Histone H4 R3 methylation at HNF4 target promoters correlates with HNF4 occupancy during intestinal cell differentiation
To identify potential coactivators involved in HNF4-dependent activation of its target genes in their natural cellular milieu, we have utilized a model system based on the ability of CaCo-2 cells to differentiate into enterocytes and to express HNF4 upon reaching confluence (Soutoglou and Talianidis, 2002
). Accordingly, levels of HNF4 dramatically increased after CaCo-2 cells reached confluence () and apoAI and another previously characterized HNF4 target gene α1-antitrypsin (α1-AT) (Soutoglou and Talianidis, 2002
) were induced (), while levels of β-actin remained constant.
Histone H4 R3 methylation at HNF4 target promoters correlates with HNF4 occupancy during differentiation of CaCo-2 cells
In ChIP analyses of cells sampled at various times after reaching confluence (), HNF4 could be detected at both the apoAI and α1-AT promoters by day 2. Its occupancy reached maximal levels by day 6, in agreement with the corresponding protein levels (). Importantly, HNF4 occupancy correlated well with an increase in R3 methylation of histone H4 (H4) of promoter associated nucleosomes at both the apoAI and α1-AT genes. Since PRMT1 is the only known protein arginine methyltransferase responsible for this modification (Strahl et al., 2001
; Wang et al., 2001
) our results establish that this cofactor is implicated in transcriptional regulation by HNF4. No significant change in PRMT1 levels was detected ().
To assess if methylation events are critical for gene expression during CaCo-2 cell differentiation, cells were treated with the methyltransferase inhibitors AdOx and MTA for 24 hr prior to harvesting at day 4 (). While a 4–5 fold stimulation of HNF4 target genes was detected in the untreated cells (lane 1 vs. lane 2) the inhibitor treatment abolished the induction of these genes, suggesting that methylation events are critical for the differentiation of CaCo-2 cells. The treatment showed preferential effects on HNF4 target genes as there was no effect on β-actin or GAPDH levels.
HNF4 interacts directly with PRMT1 through its DNA binding domain
The preceding suggests that PRMT1 is recruited to responsive promoters through HNF4 and implies potential interaction between PRMT1 and HNF4. To look for evidence of such an interaction in vivo, we cotransfected 293T cells with expression plasmids for PRMT1 and HNF4, and immunoprecipitated HNF4 from the derived extracts. Western blots indicated that PRMT1 was co-precipitated with HNF4 (, lane 5). We also performed GST pull-down experiments using purified proteins () and found that PRMT1 showed a strong specific interaction with GST fused to full-length HNF4 (residues 1-455; lane 3 vs. lane 2). To identify the HNF4 domain that interacts with PRMT1 we tested various GST-HNF4 fusion derivatives. Progressive deletions of the HNF4 C-terminus confirmed that the interaction was mediated through the N-terminus of HNF4 (residues 1-116, lane 7). More precise mapping revealed that the interaction relies on the DBD of HNF4 (residues 50-103, lane 16). Furthermore, a GST fusion (residues 1-82, lane 14) lacking the second zinc finger of the DBD was not able to interact with PRMT1, indicating that the second zinc finger plays a crucial role in this interaction.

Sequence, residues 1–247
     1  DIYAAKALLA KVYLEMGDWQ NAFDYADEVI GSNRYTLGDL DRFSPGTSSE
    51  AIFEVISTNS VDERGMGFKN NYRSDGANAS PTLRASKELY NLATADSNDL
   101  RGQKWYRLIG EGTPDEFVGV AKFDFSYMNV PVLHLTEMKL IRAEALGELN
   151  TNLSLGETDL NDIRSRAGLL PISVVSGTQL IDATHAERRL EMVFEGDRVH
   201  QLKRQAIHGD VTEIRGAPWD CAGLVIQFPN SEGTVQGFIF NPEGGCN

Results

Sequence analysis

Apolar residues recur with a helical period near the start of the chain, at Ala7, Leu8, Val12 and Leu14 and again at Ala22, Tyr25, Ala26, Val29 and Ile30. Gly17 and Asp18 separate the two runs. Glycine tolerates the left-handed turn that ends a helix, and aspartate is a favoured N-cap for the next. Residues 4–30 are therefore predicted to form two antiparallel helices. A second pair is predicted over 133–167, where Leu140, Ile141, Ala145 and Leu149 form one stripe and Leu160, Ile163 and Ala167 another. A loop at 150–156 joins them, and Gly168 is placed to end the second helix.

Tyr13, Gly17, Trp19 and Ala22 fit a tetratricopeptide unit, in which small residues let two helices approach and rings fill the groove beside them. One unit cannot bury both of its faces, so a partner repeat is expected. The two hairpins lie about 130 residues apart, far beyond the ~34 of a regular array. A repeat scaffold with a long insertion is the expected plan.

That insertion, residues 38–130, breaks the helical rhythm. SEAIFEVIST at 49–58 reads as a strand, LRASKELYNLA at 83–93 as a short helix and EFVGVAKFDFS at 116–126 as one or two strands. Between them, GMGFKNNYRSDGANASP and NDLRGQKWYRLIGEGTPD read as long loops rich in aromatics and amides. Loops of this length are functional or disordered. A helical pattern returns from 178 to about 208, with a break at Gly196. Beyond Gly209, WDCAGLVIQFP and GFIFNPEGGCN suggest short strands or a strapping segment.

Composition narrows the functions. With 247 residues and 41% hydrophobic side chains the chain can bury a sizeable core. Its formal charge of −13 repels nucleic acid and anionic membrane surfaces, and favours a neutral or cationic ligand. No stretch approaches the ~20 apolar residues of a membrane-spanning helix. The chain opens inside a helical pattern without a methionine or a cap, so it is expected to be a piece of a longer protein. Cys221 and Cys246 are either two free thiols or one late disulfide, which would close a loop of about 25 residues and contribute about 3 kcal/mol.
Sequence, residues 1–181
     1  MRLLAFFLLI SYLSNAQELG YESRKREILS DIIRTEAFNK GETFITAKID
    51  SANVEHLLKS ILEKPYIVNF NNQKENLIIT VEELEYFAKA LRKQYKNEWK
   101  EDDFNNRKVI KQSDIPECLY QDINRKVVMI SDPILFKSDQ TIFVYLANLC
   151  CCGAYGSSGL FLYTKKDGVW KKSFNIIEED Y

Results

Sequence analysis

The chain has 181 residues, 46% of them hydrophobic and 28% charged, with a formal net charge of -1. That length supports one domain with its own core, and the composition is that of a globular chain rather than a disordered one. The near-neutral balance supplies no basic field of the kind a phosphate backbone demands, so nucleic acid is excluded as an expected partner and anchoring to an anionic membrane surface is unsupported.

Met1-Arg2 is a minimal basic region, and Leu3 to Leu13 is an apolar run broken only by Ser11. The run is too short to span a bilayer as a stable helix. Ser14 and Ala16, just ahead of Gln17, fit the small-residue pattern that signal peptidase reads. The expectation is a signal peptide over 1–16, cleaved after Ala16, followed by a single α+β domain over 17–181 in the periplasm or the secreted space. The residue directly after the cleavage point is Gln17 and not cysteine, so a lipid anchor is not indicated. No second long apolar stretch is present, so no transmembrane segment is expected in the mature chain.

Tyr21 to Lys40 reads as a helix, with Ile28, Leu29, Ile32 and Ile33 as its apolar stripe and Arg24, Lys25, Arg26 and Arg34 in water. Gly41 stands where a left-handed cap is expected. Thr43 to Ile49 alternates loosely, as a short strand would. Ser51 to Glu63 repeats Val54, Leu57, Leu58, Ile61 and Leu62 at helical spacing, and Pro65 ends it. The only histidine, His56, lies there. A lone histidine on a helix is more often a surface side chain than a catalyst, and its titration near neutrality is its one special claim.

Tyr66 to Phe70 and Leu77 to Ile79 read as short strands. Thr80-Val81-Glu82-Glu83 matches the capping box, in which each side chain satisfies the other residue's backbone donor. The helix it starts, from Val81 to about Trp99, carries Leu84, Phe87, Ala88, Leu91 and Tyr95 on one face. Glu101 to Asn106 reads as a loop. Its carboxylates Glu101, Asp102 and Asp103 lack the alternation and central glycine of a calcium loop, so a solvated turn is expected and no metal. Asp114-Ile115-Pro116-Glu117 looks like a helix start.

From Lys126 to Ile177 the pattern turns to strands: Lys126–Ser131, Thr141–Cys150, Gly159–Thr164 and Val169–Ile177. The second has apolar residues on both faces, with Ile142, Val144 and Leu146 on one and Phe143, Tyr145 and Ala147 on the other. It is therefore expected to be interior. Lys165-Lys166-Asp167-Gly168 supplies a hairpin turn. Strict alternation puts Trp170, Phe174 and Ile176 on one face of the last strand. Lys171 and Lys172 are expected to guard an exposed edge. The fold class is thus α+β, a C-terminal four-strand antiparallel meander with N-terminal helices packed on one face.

HNF4 interacts directly with PRMT1 through its DNA binding domain and methylates HNF4 at R91
HNF4 is methylated by PRMT1 at R91
Since PRMT1 displays a broad spectrum with respect to its methylation substrates (Bedford and Richard, 2005
), and given the direct interaction of PRMT1 with the DBD of HNF4, we asked if the latter might be a substrate. First, we addressed whether HNF4 is methylated in vivo. We overexpressed epitope-tagged HNF4 and PRMT1 in 293T cells and determined if they could be metabolically labelled following treatment with S-adenosyl-L-[methyl-3